WHO Ghana - Annual Report 2018

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The focus of the World Health Organization (WHO’s) support during the year under review was on priority areas for both Government and WHO including: improved access to quality essential health services, attainment of Universal Health Coverage (UHC) through strengthening of health systems and Primary Health Care, addressing public health emergencies and promoting healthier populations through multisector actions and approaches.

Similar to preceding years, the office continued to play an active role in existing partnerships and coordination mechanisms including Development Partners (DPs) Group, UN Sustainable Development Partnership (UNSDP) Thematic Working Groups, and the Health Sector Working Group among others

In the reporting year, the main achievements registered by WCO in support of the country’s efforts included improved coverage of sexual and reproductive, maternal, neonatal, child and adolescent health (SRMNCAH) and priority interventions, increased and sustained vaccination coverage, strengthened country capacity to prevent, detect and respond to public health emergencies, strengthening national capacity and coordination mechanisms in the area of HIV/AIDS, Malaria, TB, Public health emergencies preparedness and response, non-communicable diseases, NTDs and Mental Health.

It is worth noting that the WCO played an important role in strengthening national, regional and district health systems and services through people-centred service delivery approaches in line with the implementation of the Primary Health Care (PHC) principles.





Ghana has a low but generalized HIV epidemic with a prevalence of 1.60% among general population and 6.9% among Key Populations (sex workers). Estimated Persons living with HIV (PLHIV) is 310,000 (2017). There were an estimated 19,000 new infections of which 3,400 (18%) were children 0-14 years and 16,000 HIV deaths of which 2,900 (18%) were children under 14 years of age (NACP 2017). PLHIV knowing their status is currently 62% with ART cover-age of 45% and 56% among pregnant women (2017). Viral WHO Annual Report - 2018 — (3)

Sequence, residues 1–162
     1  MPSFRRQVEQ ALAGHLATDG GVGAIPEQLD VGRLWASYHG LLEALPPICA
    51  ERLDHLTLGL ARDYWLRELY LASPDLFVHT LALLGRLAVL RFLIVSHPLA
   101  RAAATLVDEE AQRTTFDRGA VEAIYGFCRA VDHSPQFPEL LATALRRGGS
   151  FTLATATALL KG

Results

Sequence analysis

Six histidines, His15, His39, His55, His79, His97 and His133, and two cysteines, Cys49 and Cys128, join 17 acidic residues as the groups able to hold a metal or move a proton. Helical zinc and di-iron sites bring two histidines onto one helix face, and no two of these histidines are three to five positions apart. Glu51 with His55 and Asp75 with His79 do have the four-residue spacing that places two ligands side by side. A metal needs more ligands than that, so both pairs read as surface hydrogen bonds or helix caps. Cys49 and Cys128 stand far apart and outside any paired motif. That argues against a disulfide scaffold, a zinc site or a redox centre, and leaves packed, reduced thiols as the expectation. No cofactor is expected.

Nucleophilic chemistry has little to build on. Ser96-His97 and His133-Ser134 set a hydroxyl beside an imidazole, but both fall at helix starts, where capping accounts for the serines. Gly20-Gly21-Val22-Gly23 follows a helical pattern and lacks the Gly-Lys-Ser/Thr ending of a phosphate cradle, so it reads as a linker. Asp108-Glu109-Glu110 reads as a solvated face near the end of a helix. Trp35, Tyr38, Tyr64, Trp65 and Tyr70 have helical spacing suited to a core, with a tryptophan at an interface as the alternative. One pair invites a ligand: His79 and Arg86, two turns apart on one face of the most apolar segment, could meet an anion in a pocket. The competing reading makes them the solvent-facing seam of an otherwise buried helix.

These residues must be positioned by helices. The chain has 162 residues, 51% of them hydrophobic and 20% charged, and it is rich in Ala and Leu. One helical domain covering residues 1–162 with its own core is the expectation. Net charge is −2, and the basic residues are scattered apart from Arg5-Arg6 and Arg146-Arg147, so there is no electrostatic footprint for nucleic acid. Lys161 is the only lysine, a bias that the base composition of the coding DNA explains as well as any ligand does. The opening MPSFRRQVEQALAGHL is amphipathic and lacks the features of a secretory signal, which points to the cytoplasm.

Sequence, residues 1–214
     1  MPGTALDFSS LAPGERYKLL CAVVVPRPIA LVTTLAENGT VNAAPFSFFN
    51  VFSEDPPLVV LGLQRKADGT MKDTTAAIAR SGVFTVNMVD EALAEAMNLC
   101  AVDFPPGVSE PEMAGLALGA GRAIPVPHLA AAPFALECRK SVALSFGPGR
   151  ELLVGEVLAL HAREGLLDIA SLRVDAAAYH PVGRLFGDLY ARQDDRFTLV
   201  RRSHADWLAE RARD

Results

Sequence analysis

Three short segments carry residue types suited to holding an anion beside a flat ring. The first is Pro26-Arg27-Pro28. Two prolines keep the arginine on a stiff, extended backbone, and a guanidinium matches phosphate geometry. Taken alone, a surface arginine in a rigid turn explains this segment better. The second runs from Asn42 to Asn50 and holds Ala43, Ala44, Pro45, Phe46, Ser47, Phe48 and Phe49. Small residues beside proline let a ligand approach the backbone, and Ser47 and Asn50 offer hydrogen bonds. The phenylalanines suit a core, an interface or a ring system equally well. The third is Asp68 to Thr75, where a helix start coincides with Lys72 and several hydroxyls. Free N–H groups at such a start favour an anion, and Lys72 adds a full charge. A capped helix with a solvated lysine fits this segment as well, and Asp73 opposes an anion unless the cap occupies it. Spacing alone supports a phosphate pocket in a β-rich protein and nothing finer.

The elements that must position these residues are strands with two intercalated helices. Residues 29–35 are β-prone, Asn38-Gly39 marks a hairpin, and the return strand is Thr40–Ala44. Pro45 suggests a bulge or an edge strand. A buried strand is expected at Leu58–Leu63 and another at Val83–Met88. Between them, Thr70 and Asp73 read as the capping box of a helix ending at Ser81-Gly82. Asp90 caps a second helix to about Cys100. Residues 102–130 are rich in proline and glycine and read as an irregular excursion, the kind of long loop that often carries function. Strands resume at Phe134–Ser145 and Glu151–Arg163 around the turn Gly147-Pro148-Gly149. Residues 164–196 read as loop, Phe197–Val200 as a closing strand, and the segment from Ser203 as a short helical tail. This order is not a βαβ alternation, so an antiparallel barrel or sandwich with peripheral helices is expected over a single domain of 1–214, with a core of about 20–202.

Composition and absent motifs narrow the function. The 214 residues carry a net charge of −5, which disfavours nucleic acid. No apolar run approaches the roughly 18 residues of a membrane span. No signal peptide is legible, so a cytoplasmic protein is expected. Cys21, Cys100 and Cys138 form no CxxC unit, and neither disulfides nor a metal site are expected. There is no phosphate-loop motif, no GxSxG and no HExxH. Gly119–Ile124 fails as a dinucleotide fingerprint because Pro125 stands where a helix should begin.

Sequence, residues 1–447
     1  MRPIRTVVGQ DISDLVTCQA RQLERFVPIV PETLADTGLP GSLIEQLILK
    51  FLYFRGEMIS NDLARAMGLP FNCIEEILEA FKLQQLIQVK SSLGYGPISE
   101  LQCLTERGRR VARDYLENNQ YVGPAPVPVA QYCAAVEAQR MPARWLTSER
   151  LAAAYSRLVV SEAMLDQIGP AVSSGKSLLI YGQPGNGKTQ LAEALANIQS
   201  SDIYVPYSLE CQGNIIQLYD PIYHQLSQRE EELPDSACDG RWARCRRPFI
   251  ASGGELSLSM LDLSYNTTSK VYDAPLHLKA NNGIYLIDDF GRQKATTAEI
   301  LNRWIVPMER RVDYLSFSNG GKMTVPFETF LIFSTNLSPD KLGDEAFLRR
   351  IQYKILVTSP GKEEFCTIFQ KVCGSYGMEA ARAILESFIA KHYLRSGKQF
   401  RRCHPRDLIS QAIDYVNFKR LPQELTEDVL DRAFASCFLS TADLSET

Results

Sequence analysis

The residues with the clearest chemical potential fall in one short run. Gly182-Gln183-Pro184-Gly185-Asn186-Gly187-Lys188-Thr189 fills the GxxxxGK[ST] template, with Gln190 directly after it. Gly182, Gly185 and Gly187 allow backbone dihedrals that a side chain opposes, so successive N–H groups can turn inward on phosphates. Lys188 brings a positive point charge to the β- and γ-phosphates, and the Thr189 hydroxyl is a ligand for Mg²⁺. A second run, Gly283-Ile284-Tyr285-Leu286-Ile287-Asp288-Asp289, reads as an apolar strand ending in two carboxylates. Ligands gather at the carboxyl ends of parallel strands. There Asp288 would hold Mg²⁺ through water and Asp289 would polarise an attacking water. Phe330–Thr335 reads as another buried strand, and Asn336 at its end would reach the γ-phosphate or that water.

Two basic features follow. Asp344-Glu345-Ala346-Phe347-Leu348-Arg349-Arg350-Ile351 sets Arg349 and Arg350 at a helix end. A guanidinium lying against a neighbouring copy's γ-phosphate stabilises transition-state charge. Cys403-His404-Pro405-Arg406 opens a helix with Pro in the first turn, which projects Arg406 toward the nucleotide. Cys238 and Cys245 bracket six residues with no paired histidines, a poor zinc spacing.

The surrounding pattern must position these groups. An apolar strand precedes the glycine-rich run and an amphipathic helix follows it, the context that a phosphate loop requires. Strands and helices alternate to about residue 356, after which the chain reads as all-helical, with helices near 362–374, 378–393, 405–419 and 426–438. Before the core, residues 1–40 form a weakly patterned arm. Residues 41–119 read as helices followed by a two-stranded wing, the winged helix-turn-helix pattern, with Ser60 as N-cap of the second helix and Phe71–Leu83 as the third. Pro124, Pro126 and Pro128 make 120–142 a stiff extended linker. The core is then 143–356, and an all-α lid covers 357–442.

Load suppression is 14%. For children 0-14 years, ART coverage is as low as 15%. The country has adopted the 'Treat All policy and has developed a 90-90-90 acceleration plan to drive the attainment of the global targets. it has again with the support of WHO and USAID adopted a differentiated model of care for HIV management which is being rolled out Last year the focus of WCO support was on testing, treatment, care and strategic information.

** Key Activities, Outcomes and Achievements**

Review of HIV Testing Services

The NACP was supported by WHO, USAID and the Global Fund to undertake a review of the HIV data and the HIV Testing Services (HIS). A High level meeting subsequent to this consultation recommended technical assistance for a functional HIV data system and e-tracker. WCO therefore provided support for a technical working group that was formed for the establishment of a functional e-tracker. Some activities of the working group that were undertaken were monitoring and data validation to identify the challenges of HIV e-Tracker. On HIV testing services, the NACP was again supported to evaluate the Duo HIV-Syphilis Test kit for adoption to use at antenatal clinic through the engagement of a consultant

HIV Data Triangulation

The mission on HIV data revealed gaps in the HIV data as well as inconsistencies in some indicators particularly on numbers or clients currently on ART. WCO therefore engaged a consultant jointly with a UNAIDS consultant to provide technical assis-tance for a data triangulation process. This exercise successfully established the numbers currently on ARTs as 100,000 which was well accepted and endorsed by stake-holders.

Differentiated Service Delivery (DSD)

The Differentiated Service Delivery approach is one of the key strategies to achieving the 90-90-90 roadmap. WHO and USAID with funding support from the Global Fund supported all the processes that led to the adoption of the DSD. WCO and partners supported the process to roll out training on the DD which was begun in the year.